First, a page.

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Combating Malnutrition: Special unit to offer free Services in Kyotera

By Davis Buyondo

Added 13th November 2018 10:02 AM

Dr Lugwana explained that malnutrition rate is high especially among poor households that can hardly access healthy diets and nutritious foods.

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Dr Lugwana with one of the malnourished children at the unit. Photos by David Buyondo

Dr Lugwana explained that malnutrition rate is high especially among poor households that can hardly access healthy diets and nutritious foods.

A special unit has been opened at Bethlehem Health Community hospital in Nabigasa sub-county, Kyotera district to offer free services to children and elderly persons suffering from malnutrition.

The unit has a capacity of 150 beds for the patients and over 50 mattresses for the caretakers.

The initiative by Dr Emmanuel Ssentongo Lugwana, the Hospital director, aims to admit, feed and treat the malnourished patients from the different districts in greater Masaka Region.

Dr Lugwana explained that malnutrition rate is high especially among poor households that can hardly access healthy diets and nutritious foods.

He added that they receive between 20 and 30 out patients  every day while 20 are currently admitted.

“At this unit all services are free with the support of our friends from the US. After treating the patients, we make follow-up visits (homecare) for six months and also sensitise parents or caretakers on what to do to prevent the condition,” he said.

Lugwana explained that malnutrition is mainly caused by deficiencies in iron, iodine, vitamin A and zinc. In his explanation, the signs and symptoms of malnutrition always depend on the nutritional deficiency.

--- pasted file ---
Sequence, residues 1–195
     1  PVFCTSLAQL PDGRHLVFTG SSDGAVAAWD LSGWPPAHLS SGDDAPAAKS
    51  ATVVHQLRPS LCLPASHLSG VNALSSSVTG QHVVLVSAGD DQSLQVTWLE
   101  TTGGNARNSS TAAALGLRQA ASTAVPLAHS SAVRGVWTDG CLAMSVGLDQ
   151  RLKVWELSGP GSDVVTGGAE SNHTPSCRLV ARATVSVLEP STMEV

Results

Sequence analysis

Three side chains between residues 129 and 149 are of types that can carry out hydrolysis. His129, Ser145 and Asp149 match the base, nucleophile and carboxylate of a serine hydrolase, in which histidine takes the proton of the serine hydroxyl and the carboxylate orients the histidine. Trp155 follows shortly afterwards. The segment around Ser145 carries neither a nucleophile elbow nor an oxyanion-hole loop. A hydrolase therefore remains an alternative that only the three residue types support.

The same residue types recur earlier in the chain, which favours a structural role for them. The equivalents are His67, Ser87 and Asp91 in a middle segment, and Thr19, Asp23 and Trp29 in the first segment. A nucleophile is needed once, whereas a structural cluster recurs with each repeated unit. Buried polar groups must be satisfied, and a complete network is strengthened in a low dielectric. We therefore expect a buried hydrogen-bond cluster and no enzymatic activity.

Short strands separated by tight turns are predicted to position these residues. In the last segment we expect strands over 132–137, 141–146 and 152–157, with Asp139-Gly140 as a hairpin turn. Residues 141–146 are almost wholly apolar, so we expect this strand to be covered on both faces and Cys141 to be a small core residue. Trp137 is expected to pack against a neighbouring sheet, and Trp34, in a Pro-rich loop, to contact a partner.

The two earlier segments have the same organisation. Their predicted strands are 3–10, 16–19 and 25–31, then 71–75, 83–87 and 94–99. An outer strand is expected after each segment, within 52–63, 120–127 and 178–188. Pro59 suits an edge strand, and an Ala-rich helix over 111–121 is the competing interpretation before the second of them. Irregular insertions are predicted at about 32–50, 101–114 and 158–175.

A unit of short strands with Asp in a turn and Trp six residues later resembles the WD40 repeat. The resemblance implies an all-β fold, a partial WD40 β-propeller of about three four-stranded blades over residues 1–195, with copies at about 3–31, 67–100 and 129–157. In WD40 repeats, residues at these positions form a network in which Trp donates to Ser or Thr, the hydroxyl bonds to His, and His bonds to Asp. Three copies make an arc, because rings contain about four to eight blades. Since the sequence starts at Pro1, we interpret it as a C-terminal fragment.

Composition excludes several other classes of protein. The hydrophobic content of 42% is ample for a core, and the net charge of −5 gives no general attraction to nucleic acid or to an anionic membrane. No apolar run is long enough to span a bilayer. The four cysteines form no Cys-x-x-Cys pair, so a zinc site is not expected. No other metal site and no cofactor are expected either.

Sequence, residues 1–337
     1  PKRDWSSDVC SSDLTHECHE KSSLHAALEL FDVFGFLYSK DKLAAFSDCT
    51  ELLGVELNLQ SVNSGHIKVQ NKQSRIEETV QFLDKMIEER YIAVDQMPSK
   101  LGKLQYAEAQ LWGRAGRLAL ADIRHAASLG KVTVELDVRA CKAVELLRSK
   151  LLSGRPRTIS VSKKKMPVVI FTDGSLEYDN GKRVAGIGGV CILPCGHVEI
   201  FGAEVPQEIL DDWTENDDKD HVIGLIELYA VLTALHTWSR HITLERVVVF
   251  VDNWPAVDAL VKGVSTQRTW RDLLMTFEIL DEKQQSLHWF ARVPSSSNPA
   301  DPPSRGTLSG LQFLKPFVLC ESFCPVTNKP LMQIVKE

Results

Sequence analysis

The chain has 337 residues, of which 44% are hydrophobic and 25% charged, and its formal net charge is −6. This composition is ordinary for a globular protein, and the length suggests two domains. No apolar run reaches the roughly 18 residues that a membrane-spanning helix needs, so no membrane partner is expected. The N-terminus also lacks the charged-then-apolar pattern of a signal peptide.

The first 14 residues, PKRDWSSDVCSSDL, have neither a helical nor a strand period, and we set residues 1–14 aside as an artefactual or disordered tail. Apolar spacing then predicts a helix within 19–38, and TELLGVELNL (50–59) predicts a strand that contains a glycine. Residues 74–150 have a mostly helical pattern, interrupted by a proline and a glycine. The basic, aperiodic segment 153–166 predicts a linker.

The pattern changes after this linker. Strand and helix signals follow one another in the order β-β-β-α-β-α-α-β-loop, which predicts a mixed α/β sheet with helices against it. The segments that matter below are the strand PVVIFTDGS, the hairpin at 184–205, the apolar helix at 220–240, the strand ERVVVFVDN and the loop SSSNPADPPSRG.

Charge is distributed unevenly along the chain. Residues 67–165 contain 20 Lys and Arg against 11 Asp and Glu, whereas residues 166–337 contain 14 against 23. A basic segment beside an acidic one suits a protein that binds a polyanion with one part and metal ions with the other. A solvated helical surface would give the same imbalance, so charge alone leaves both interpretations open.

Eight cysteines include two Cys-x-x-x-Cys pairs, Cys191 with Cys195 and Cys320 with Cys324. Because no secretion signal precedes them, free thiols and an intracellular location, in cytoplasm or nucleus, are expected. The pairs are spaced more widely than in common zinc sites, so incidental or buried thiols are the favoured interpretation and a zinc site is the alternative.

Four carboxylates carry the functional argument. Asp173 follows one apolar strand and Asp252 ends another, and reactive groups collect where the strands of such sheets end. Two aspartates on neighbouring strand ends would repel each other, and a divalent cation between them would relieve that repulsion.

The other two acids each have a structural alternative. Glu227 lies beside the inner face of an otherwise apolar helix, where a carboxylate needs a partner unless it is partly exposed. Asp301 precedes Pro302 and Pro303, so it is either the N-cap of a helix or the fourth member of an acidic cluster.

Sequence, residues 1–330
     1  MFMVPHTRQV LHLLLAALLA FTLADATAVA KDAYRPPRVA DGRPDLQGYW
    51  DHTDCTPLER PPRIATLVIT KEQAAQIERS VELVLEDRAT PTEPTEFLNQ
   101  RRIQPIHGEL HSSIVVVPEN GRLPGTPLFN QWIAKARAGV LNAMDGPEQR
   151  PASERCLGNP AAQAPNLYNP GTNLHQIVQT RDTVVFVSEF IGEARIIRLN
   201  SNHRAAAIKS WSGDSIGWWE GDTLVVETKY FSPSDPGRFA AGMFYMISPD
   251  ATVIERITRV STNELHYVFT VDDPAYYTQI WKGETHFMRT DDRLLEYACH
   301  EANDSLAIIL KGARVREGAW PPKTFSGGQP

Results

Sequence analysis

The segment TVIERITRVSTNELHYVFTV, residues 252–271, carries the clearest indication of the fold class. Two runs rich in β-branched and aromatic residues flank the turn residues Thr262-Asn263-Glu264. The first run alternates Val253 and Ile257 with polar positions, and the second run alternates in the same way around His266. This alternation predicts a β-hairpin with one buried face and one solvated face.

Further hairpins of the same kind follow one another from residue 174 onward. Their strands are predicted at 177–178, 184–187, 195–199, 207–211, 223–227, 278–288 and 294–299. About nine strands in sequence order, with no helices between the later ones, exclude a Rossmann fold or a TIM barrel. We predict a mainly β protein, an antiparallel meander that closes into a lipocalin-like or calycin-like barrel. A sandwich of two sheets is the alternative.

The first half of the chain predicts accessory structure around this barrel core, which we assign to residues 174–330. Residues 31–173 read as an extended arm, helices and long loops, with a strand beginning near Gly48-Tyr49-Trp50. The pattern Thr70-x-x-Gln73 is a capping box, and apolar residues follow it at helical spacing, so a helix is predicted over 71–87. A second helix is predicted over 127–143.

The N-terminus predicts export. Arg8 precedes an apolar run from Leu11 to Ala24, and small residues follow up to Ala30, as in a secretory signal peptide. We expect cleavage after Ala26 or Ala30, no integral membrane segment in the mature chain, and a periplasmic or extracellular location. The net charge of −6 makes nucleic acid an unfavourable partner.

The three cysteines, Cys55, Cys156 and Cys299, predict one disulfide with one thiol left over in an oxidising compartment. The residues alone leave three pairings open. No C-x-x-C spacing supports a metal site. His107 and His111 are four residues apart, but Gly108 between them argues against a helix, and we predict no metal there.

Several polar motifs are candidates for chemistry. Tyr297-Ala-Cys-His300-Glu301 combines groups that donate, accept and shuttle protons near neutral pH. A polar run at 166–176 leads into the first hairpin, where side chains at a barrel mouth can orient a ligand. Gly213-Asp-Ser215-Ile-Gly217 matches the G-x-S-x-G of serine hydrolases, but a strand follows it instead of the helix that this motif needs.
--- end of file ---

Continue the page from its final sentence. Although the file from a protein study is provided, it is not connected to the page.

He said that the common signs range from stunted growth of a child, underweight, dehydrated, pale and rough skin, as well as protruding stomach especially among children.

He added that the most affected are children below five years and elderly people. He explained that malnourished children hardly concentrate in class, which affects their performance in class and childhood survival.

“To combat malnutrition, we are looking at working closely with community Development Officers (CDOs) and probation officers to make pregnant and lactating mothers and caregivers aware of the need for good feeding and childcare practices,” Lugwana said.

Silent Killer

Dr Lugwana said, malnourished children are in many ways at high risk of death especially with severe dehydration.

He said that it weakens the body’s immune system making the patients easily susceptible to such infections as malaria, tuberculosis, bacterial infection and organ failure.

Dr George William Waggumbulizi, the Kyotera District Health Officer, told the New Vision that there are several cases at different health centres but they are being handled.

He explained that they also established a malnutrition unit at Kalisizo hospital which receives out-patients.

He said, in some case, malnutrition may lead to physical or mental disability.